Vitamin D-Deficiency Rickets - Where Do We Stand?


Austin J Pediatr. 2014;1(1): 1001.

Vitamin D-Deficiency Rickets - Where Do We Stand?

Milan Bayer*

Department of Pediatrics, Charles University in Prague, Faculty of Medicine in Hradec Králové, University Hospital Hradec Králové, Czech republic

*Corresponding author: Milan Bayer, Departmentc of Pediatrics, Charles University in Prague, Faculty of Medicine in Hradec Králové, University Hospital Hradec Králové, Czech Republic

Received: March 20, 2014; Accepted: April 06, 2014; Published: April 08, 2014

Vitamin D–binding protein belongs to prime albuminoidal proteins. It was documented that vitamin D was produced by ultraviolet (UV) irradiated phytoplankton and zooplankton already 500 million years ago. Vitamin D– receptor (VDR) has been detected in a wide range of primitive animals. In biological studies lamprey, zebra fish, frog, mouse, and human VDR´s were found to have similar ligand selectivity’s for vitamin D derivatives. Original role of active vitamin D (1alpha, 25–dihydroxyvitamin D3; calcitriol) was protective and immunological. VDR sensitivity to hepatotoxic secondary bile acids facilitated expression of cytochrom P450 enzymes detoxifying these acids in the liver and intestine. When animals left seas and colonized earth, the maintenance of strict mineral homeostasis became very important survival condition. At that time vitamin D and VDR involved in mineral metabolism. It is now evident that in human calcium absorption is highly vitamin D dependent during infancy until the end of puberty.

More than 90% of necessary vitamin D is formed in the skin from 7–dehydrocholesterol under the influence of UV light type B. During the winter, vitamin D composition in the skin is very low below 40 degrees and above 40 degrees. Line of latitude due to unfavorable sun location over the horizon in part of the year. It means that from May to September (southern hemisphere) and from October to April (northern hemisphere) UV exposition of skin in those areas is too low to cover common vitamin D requirements. Predecessors of human being lived in the middle Africa. The migration of populations out of the tropics consequently resulted in selective pressures favoring lighter skin in order to facilitate coetaneous previtamin D3 biosynthesis in regions far from the equator, under low UVB radiation. Four genes associated with this trait in Europeans were recently documented – KITLG, TYRP1, SLC24A5, and SLC45A2. The onset of the sweep shared by Europeans and East Asians at KITLG occurred about 30,000 years ago and the selective sweeps for the European–specific alleles at TYRP1, SLC24A5, and SLC45A2 started within the last 11,000–19,000 years. During the last ten thousand years none significant change in our genome appeared. But human populations went through large changes in their life style, especially in last several centuries.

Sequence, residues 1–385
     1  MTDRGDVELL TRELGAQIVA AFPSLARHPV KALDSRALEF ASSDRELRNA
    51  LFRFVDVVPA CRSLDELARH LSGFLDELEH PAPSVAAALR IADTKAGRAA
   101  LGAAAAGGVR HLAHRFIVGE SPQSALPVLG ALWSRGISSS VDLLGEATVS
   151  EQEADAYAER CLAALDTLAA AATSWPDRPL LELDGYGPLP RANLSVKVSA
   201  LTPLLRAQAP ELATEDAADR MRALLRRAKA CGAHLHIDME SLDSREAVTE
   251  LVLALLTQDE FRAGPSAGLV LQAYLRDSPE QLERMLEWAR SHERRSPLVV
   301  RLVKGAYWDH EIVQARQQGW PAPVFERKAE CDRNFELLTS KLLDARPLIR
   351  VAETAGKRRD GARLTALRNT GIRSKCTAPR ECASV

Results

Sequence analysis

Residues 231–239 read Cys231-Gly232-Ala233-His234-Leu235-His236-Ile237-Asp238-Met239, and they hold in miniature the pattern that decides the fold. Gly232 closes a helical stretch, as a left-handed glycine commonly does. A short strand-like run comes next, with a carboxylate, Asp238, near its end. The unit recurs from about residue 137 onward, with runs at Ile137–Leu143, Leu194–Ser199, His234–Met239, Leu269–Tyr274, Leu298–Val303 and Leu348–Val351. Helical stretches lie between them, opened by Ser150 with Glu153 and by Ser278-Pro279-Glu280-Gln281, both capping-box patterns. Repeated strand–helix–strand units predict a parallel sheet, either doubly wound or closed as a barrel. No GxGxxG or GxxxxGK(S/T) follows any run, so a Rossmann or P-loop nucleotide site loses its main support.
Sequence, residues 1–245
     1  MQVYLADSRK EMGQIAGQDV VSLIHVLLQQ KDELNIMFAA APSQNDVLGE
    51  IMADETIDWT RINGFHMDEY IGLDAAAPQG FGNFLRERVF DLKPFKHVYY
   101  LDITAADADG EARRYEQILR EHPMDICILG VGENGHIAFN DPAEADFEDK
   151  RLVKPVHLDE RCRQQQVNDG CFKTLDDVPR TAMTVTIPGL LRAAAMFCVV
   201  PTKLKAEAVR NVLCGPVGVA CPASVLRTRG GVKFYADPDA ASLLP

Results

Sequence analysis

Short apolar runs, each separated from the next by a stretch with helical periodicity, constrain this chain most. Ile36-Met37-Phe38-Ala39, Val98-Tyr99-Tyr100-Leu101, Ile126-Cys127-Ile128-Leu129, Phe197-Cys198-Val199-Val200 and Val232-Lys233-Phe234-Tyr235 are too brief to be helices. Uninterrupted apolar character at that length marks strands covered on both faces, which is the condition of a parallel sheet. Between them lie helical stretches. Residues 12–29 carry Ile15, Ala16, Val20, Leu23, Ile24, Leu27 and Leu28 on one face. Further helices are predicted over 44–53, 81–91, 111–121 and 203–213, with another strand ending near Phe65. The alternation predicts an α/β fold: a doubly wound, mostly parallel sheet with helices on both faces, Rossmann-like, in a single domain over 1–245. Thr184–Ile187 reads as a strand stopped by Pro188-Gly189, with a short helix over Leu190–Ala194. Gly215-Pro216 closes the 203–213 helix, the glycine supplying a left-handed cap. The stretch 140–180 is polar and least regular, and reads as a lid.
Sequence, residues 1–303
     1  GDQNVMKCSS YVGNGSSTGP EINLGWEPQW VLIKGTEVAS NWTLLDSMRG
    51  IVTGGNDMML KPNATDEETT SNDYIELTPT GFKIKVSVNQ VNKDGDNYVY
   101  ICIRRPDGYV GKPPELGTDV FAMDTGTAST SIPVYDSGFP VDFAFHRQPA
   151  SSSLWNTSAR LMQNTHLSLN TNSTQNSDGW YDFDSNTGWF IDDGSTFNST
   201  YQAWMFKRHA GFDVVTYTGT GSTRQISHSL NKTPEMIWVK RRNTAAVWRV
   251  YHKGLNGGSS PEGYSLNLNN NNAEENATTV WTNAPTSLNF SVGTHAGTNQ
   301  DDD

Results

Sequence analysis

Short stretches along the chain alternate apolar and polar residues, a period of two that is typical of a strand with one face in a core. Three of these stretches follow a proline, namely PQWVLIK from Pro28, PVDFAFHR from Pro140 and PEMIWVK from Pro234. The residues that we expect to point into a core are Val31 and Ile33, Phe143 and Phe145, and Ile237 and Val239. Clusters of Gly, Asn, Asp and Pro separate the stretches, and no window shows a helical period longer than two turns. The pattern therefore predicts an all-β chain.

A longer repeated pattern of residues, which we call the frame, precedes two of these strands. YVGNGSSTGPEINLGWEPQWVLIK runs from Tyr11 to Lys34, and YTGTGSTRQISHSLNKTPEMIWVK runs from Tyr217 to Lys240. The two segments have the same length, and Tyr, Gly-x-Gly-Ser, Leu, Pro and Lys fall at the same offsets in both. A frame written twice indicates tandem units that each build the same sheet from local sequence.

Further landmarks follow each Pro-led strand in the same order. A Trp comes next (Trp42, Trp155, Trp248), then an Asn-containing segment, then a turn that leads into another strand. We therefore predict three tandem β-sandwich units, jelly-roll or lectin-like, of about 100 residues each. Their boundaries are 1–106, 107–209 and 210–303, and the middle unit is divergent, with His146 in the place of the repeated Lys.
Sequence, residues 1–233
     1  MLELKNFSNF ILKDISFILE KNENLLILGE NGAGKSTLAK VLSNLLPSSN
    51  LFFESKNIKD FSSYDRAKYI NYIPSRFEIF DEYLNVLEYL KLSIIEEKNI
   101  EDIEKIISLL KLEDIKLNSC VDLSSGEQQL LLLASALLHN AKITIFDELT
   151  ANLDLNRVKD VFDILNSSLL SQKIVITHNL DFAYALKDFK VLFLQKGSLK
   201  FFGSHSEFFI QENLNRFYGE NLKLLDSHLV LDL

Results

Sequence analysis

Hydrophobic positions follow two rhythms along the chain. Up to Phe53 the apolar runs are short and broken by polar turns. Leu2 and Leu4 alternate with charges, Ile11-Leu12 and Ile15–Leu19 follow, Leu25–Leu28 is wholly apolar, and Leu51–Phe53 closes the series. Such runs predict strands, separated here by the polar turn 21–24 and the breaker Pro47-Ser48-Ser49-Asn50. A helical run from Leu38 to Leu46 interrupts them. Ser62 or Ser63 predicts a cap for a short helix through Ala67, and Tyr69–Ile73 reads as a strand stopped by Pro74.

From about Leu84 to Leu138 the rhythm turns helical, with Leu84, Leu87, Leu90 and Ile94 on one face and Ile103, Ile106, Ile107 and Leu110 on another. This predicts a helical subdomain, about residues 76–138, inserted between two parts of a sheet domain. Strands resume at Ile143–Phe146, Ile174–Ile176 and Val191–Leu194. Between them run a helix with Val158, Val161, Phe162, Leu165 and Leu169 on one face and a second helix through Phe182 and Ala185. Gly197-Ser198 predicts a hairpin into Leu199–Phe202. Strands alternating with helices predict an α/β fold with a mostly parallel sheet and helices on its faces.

Bone deformities in children corresponding to rickets were for the first time reported by roman physician Sopranos in 2nd century. Medical student David Whistler published his paper “De morbo puerileanglorum, quem patrio idiomatic indigene vacant the Rickets” in 1645. He presumed influence of alcohol during pregnancy in etiology of this illness. But only Francis Gilson’s description of rickets from 1650 is considered as official. He provided more detailed observation, recognized rickets as noninfectious disease and denatured it from scurvy. It was industry development with increasing air pollution in industrial areas, and child labor with their undernourishment and low exposition to UVB radiation which contributed to pathologists´ observation in second half of 19th century when some sign of rickets could be seen in 80–90% anatomized children. In 1920´s, studies in lion cubs, dogs, and rats showed the importance of cod liver oil in therapy of nutritional rickets. New anthracitic substance later termed vitamin D was described and distinguished from vitamin A. The efficacy of UV irradiation in prevention and treatment of rickets was established. Nevertheless, there were documented next to 14.000 deaths from rickets in The United States in period 1910–1961 and in 1940´s, rickets was still regarded as �probably the most common disease of early childhood.

Rickets is a disease characterized with insufficient and delayed mineralization of endochondral bone formation at the growth plates. Repeated decrease of calcemia results in secondary hyperparathyroidism. The main consequences of this situation are hyperphosphaturia, and stimulation of 1–alpha hydroxylase activity leading to increase of calcitriol levels, followed by bone tissue degradation and bone cells activity. Clinical manifestation as well as typical X–ray picture (Figure 1) of rickets on long bones appears. In case of untreated patient the 25–hydroxyvitamin D is run out and absolute or relative calcitriol deficiency appears. Calcium mobilization from bone becomes insufficient and hypocalcaemia and hypophosphatemia is going along with the effects of secondaryhyperparathyroidism in severe apparent rickets.

Citation: Bayer M. Vitamin D-Deficiency Rickets - Where Do We Stand?. Austin J Pediatr. 2014;1(1): 1001. ISSN: 2381-8999